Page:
02:46 You can’t miss it, huge massive specifically in those precordial leads, which coronary artery would this be? Left anterior descending, is that clear? V1 through V4 you see something like this and please know, I don't care which licensing exam that you are taking. All 12 leads will be given to you and when they are given to you, it is imperative that you know how to interpret and do not panic. Once you panic, this whole thing looks like a blur. You focus here V2, V3, V4. What are you looking at there? An ST elevation and those ST elevations to you should indicate left the anterior descending type of issues. Okay now. What if it is the lateral wall, then it is the left circumflex also. And this would be your V5, V6 that is official. And we have a lead I and aVL, absolutely lateral. Left circumflex should be your focus here. Left anterior descending could be involved, but your focus, left circumflex. What about the inferior wall? This would be your right coronary artery. So, therefore, your leads here would be II at approximately 60 degrees, and from physio and from your medical education, you know lead II is probably the most important lead in terms of proper depolarization of your heart from the base towards the apex. Is it not? Of course, it is. So lead II becomes a very important lead to you at every possible respect. In addition to that, we have V3 and aVF, augmented foot and that would be the inferior portion of the heart. And you if find an ST elevation in those leads, then you are thinking about which coronary artery? RCA.

    04:26 Right coronary artery. Now here what we are looking at is exactly that. Take a look at lead II at the second to the bottom, you have lead II. You have an ST elevation and for the most part, you see something like that. Then you should be thinking well is my patient having an inferior type of MI? And if you take a look at the aVF, you will notice there as well. You will call it a fireman's hat. If you actually take a look at that ST elevation and the QRS complex and collectively and clinically speaking, or you know just to perhaps for amusement sake, it is the fact that looks like a hat that a fireman might wear. So ST elevations II, III, aVF.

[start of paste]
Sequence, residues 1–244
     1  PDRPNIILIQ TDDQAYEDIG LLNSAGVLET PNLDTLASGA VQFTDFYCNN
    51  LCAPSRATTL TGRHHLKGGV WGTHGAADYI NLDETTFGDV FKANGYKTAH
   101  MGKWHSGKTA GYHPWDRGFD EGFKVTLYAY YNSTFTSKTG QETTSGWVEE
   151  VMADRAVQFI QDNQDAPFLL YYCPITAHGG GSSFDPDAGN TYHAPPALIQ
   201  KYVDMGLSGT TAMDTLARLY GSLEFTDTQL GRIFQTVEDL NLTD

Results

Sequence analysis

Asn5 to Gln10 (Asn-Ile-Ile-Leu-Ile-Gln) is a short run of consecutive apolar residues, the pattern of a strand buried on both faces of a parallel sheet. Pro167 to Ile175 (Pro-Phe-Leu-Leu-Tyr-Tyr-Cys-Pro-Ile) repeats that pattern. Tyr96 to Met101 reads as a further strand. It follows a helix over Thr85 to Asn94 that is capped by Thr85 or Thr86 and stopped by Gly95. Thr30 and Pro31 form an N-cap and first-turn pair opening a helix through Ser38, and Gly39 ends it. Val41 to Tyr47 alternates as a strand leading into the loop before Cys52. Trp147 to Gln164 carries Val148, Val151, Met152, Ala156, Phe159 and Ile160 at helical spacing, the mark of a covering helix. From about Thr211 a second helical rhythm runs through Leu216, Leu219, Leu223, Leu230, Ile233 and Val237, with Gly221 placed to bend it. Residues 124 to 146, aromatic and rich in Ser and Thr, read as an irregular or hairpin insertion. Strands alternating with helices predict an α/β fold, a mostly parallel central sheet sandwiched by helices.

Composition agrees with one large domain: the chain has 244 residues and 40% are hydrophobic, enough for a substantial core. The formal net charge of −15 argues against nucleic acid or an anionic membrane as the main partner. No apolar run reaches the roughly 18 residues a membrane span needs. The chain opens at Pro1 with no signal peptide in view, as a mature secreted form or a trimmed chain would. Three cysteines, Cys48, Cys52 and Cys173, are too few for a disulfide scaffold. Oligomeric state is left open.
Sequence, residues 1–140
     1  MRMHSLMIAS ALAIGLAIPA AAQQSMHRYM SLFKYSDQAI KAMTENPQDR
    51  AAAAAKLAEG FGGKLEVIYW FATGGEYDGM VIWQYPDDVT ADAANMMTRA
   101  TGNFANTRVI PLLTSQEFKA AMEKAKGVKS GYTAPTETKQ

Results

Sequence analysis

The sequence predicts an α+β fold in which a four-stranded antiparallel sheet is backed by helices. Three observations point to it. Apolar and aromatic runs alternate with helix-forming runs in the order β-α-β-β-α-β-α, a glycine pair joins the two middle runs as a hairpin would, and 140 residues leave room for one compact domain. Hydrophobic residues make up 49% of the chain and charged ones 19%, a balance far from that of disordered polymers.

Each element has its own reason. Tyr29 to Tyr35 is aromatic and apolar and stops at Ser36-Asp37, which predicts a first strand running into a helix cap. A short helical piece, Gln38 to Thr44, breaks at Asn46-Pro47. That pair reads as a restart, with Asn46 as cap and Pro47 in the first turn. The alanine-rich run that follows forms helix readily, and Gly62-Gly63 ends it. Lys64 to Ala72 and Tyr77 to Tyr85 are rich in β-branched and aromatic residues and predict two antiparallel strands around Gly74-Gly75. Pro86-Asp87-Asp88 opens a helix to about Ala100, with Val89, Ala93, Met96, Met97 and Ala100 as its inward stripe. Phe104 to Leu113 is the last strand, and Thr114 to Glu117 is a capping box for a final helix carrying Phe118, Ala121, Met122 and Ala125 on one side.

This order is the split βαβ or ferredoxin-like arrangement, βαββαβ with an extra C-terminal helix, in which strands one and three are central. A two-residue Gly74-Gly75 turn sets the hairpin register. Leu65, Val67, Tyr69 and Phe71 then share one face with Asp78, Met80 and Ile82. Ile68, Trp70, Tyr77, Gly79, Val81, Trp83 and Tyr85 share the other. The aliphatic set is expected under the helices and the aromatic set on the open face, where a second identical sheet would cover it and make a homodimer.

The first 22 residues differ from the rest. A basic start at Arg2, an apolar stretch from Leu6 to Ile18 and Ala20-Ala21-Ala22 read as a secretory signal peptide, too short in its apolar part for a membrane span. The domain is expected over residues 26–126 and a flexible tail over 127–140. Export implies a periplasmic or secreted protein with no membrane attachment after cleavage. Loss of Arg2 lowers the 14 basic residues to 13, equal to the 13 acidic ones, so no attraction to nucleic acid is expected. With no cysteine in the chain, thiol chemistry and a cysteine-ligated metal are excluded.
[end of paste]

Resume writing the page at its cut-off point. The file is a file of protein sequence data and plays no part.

05:12 What coronary artery, please? Right coronary artery. Now, special inferior wall MIs.


    About the Lecture

    The lecture STEMI and NSTEMI: Localizing AMI by ECG by Carlo Raj, MD is from the course Ischemic Heart Disease.


    Included Quiz Questions

    1. At least 1 mm (or 1 box) elevation in at least 2 contiguous leads
    2. At least 1 mm (or 1 box) elevation on at least 1 lead
    3. At least 2 mm (or 2 boxes) elevation on at least 1 lead
    4. At least 2 mm (or 2 boxes) elevation on at least 2 contiguous leads
    5. At least 1 mm (or 1 box) elevation on at least 2 leads in any order
    1. V5, V6, I, aVL
    2. V1, V2, V3, V4
    3. II, III, aVR, V4
    4. V3, V4, II, III
    5. V1, V2, II, aVR
    1. A previous myocardial infarction occurred and has healed
    2. An early indication of a myocardial infarction that is occurring
    3. A right bundle branch block
    4. A left bundle branch block
    5. An accessory pathway exists in the conducting system of the heart

    Author of lecture STEMI and NSTEMI: Localizing AMI by ECG

     Carlo Raj, MD

    Carlo Raj, MD